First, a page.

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Economist Ray Perryman says a Fed rate hike shouldn't slow mortgage market

The Federal Reserve's Federal Open Market Committee is widely expected to raise the short-term interest rate several times in 2016, but the movement on longer-term mortgage rates is less clear. Ray Perryman, a professor of economics and president of the Waco, Texas-based Perryman Group, explained the factors that influence longer-term rates and the potential impact on the housing and mortgage markets.  

What are the factors that influence long-term interest rates.

Ray PerrymanThere are a lot of factors that come into play. The overall health of the economy is certainly one thing that comes into play [and] the way people interact in the investment community. For example,  when people think stocks are not a good investment and move into bonds, that drives the price of bonds up and drives the interest rate down. Another important one, though not defining like a lot of people think, is the Federal Reserve action. The rise in short-term rates can have some impact on long-term rates because it basically raises the cost of borrowing. On the other hand, there is a very important factor that comes into play here, where short-term rates and long-term rates interact sometimes, and that is future inflationary expectations.  It is a simple concept. If I am going to lend you money for 10 years, and I think inflation is going to go up two or three points, I am going to have to add that to my interest rate to keep my purchasing power the same. If I think in the long term there is going to be inflation, then I have to raise my interest rate on long-term investments.

Let’s assume that the Federal Reserve will raise the short-term rate several times over the next year. Will long-term rates necessarily move in lockstep?

It certainly will not rise in lockstep. If you look at the economy right now and analyze it based on what we have seen historically, if the Fed raises rates by about 1 percent over the next year or so, I would expect variable-rate mortgages would probably go up about a half a percent and fixed-rate mortgages will probably go up about 0.2 percent or 0.25  percent. It is not a one-to-one correspondence, but there is some relationship. You are affecting the lender’s cost of money.  

What are the factors influencing the Fed right now?

We have been through an unprecedented period of very low, zero-interest rates for a long time. The Fed is facing a dilemma because of what happened back in 2008 and the amount of reserves they had to put in the system [when they tried to] stimulate the economy with quantitative easing. The Fed has a very fat balance sheet at the moment. They have a lot of bonds on their balance sheet. Basically when the Federal Reserve is influencing monetary policy, what they are doing at the end of the day is buying and selling bonds. When they put a lot of money in the system, they do that by buying bonds and paying money that was not in the system before. That is how you maintain very low interest rates. The Fed needs to bring that back in order, to a more normal rational level. They face kind of a Goldilocks situation. If they do it too quickly and raise rates too much,  they will choke off the economic recovery and cause dislocations in housing and other factors. If they don’t do it rapidly enough, we are going to get in that situation where we have very rapid growth and a lot of money in circulation. That is going to drive inflationary pressure which, in turn, will bid up long-term rates. What they are trying to do is not-too-slow, not-too-fast, but just right.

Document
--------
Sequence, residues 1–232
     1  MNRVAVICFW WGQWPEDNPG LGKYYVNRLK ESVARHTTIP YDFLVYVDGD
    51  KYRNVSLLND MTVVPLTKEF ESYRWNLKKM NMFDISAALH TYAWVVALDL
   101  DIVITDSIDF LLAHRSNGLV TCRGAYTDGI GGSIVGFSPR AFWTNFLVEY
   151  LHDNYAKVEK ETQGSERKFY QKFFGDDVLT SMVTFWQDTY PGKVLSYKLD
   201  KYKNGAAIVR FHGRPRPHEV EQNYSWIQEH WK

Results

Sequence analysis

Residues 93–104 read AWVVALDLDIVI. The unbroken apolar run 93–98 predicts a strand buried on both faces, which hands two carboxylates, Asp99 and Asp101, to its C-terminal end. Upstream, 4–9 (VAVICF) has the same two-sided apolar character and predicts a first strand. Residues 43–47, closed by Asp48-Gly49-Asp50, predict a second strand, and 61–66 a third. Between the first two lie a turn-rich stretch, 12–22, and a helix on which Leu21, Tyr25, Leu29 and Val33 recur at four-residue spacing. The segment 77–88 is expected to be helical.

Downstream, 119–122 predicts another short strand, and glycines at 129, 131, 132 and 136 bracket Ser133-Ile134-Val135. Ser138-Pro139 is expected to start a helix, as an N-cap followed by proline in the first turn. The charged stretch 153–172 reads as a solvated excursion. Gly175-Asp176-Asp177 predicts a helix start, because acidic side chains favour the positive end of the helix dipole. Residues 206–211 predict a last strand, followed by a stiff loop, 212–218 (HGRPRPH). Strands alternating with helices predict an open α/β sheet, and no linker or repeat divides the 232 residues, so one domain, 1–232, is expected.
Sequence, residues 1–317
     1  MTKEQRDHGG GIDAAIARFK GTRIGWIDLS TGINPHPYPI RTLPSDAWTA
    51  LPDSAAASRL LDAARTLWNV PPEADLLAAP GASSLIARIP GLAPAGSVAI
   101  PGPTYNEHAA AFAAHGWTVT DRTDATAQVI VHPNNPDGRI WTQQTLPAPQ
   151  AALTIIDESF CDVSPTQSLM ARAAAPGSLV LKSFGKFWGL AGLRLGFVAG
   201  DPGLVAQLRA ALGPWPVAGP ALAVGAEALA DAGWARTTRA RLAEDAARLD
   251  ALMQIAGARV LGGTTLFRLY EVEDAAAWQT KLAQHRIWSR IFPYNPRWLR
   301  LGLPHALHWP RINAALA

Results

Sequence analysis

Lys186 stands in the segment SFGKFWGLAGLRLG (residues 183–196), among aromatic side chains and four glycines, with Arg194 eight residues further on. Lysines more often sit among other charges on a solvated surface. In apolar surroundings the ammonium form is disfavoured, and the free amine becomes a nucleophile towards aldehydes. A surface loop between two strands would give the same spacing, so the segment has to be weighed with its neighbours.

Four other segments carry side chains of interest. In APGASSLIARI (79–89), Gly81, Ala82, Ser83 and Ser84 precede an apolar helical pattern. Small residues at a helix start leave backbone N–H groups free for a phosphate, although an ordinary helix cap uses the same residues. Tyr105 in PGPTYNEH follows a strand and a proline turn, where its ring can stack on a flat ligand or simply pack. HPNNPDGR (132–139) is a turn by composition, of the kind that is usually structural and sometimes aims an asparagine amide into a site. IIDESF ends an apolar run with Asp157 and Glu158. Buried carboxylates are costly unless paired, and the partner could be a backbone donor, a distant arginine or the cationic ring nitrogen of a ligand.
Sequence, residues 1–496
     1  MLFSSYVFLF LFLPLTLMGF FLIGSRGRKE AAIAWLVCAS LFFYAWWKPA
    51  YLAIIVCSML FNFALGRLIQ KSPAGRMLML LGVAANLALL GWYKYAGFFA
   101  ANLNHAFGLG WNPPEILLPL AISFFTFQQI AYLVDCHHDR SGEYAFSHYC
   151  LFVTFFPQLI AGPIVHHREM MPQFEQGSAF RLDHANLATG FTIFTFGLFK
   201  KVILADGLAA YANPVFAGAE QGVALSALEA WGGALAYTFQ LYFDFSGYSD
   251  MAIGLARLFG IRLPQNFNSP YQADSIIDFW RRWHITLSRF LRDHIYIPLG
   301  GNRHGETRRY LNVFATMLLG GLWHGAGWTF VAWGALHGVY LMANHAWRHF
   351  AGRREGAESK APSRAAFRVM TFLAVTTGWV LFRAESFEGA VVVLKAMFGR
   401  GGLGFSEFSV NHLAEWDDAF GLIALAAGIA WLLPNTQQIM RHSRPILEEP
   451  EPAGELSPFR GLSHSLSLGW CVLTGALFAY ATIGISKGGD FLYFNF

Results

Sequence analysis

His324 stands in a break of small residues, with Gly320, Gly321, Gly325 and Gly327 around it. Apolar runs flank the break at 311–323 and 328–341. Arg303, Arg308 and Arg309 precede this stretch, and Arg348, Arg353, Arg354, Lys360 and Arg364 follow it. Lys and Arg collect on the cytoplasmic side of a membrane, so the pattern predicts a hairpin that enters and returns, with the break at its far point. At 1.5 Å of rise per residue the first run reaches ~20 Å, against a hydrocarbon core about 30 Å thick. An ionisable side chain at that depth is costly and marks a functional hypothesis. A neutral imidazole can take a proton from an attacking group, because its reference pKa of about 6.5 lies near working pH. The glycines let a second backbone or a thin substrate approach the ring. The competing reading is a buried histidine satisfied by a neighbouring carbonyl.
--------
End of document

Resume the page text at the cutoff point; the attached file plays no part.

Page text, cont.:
What impact will a rising interest rate environment have on the housing and mortgage markets?

All the things that it takes for the housing market to do well are moving in the right direction. As long as they don’t choke off the recovery, then I don’t think you will see a huge impact. You will see mortgage rates rise some, but not a tremendous amount. If you look at [current mortgage rates, the 10-year bond rates, a modest rise in the short-term federal funds rate and historical tracking], the average mortgage will go up in this country by $26 a month. That is certainly an amount that is in people’s budgets that they have to consider, but it is not the kind of thing that has a dramatic effect on people’s budgets and their willingness to buy a home.

Where do you think the key long-term fixed rate will be at the end of next year?

You are likely to see the fixed rates, which have been hovering somewhere around 4 percent and even lower recently, maybe go from 3.9 [percent] to 4.1 or 4.2 [percent], assuming this is an orderly increase. I would think it would go up maybe 30 basis points. Again, it is a noticeable amount. It certainly will impact a few people at the margins. But you have far more people coming into the market if the economy does remain strong and robust, and inflationary fears out there subside. We have had a very good situation with low commodity prices, particularly oil and gas, that has given some flexibility to this situation. We have an opportunity to continue some economic growth and have fairly low inflation. If we can do that in an orderly interest-rate environment, on the whole, the benefits to the housing market will more than offset any damage from an increase in rates. 


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